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Friday, January 30, 2015

Legion of Boom otters raise 12 Flag for Seahawks

Posted by: Rebecca Whitham, Editor and Gigi Allianic, Communications

We are 12. Photo by John Loughlin/Woodland Park Zoo.

The Mini Legion of Boom—Asian small-clawed otters Sherman, Thomas, Chancellor and Maxwell, huddled to raise the 12 Flag in their exhibit today.

Video: Otters raise the 12 Flag for Seahawks Super Bowl Rally. Produced by Ryan Hawk/Woodland Park Zoo.

Sherman took the lead and set the flag waving for Seattle Seahawks fans as we rally for Super Bowl XLIX.

Photo by Kirsten Pisto/Woodland Park Zoo.

Then the otters got down to business for a little scrimmage, showing off their vertical and secondary defense.

Photo by Kirsten Pisto/Woodland Park Zoo.

Bring on the boom!

Photo by John Loughlin/Woodland Park Zoo.

The Mini Legion of Boom, four otter brothers born at the zoo in 2013, were named after the Legion of Boom as a tribute to the Seahawks explosive secondary. The otter brothers live with their parents and four younger siblings.

Photo by John Loughlin/Woodland Park Zoo.

A Friendly Super Bowl Wager 

What would a Super Bowl be without a friendly wager with a New England zoo? We’ve got a great one going with Roger Williams Park Zoo in Rhode Island. First off, the winning team will send a branded zoo shirt to the losing team and the losing zoo’s CEO will wear it while shoveling poop and posing for a photo.

Gnawesome. Photo by Kirsten Pisto/Woodland Park Zoo.

But in the spirit of how much community pride we have in our Seahawks, we’ve got something even better at stake—the losing zoo will buy 50 zoo admission passes and donate them to a Boys and Girls Club in the winning team’s city. It’s a win-win bet that benefits kids who might not otherwise have the opportunity to visit the zoo.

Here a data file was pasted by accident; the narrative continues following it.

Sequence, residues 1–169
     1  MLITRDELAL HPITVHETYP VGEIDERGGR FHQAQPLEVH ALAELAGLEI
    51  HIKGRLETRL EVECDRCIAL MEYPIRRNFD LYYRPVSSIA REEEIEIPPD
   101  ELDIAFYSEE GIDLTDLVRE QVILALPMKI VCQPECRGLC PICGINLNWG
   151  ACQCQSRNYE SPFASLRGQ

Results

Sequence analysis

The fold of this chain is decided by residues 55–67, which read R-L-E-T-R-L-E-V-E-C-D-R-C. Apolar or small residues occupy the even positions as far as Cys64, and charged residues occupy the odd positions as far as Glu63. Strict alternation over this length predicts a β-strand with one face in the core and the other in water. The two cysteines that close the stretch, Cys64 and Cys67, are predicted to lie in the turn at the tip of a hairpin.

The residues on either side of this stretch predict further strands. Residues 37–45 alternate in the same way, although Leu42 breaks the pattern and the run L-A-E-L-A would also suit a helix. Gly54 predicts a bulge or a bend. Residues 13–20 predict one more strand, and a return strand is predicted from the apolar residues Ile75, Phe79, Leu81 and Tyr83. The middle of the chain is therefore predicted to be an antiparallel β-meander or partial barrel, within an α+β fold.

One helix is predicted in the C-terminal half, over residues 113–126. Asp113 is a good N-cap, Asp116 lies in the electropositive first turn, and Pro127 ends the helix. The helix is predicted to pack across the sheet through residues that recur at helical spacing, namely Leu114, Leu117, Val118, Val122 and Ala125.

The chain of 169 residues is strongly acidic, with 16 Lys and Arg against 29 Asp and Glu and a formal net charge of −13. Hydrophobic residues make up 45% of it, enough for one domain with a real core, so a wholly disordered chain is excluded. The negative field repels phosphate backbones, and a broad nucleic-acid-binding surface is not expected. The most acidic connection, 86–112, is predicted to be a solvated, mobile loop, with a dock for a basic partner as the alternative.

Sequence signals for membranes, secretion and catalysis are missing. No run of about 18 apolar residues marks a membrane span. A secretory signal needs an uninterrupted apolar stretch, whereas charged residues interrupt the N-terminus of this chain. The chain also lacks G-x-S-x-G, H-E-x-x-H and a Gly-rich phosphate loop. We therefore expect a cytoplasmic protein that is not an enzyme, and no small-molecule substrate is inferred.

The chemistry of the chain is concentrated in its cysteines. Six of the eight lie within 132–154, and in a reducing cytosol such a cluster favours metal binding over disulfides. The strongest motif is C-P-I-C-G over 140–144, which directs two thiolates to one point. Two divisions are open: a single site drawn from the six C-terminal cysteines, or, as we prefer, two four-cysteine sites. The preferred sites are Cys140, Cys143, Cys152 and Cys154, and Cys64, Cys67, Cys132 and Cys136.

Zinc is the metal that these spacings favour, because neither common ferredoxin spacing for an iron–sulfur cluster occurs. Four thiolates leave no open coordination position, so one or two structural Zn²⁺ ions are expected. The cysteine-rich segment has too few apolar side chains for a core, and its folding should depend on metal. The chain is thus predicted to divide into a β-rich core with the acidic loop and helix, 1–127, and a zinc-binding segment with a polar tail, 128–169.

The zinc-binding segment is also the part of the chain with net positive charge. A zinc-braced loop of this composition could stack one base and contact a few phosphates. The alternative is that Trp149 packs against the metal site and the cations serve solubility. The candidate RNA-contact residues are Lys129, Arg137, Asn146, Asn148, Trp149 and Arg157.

The secret treat inside the piƱata? Worms! Photo by John Loughlin/Woodland Park Zoo.

Seahawks Fan Zoo Discount

We're keeping the spirit of the 12s going through Super Bowl Sunday with a special offer: Seahawks fans get $3 off zoo admission by wearing any Seahawks garb or accessory, such as jerseys, sweatshirts, hats or beads. (The admission discount applies only to the child or adult wearing the Seahawks sportswear and is not to be combined with other discounts or promotions.)

Wave that flag! Photo by John Loughlin/Woodland Park Zoo.

Thursday, January 29, 2015

King Xerxes picks names for lion cubs

Posted by: Kirsten Pisto, Communications
Photos by Dennis Dow/Woodland Park Zoo

With the help of zoo fans, proud papa Xerxes chose Gandia and Mandla as names to complement Tandie, the first name chosen by community members in an online poll.

Here comes trouble! Tandie, Gandia and Mandla get a snarl of approval from dad Xerxes.
Tandie: meaning fire
Gandia: meaning clever
Mandla: meaning power/strength

Naming lion triplets is not an easy task, so we asked you to help parents Adia and Xerxes with the decision. First, 10 names were selected by the zoo’s lion keepers and derived from languages that reflect parts of the South African lion’s native range. Then, during the zoo’s two-week online naming poll, voters chose their top preferences. On Tuesday we revealed the name with the most votes, Tandie (meaning “fire”). Mom Adia and dad Xerxes weighed in today to choose from runners up Gandia, Mandla and Pule.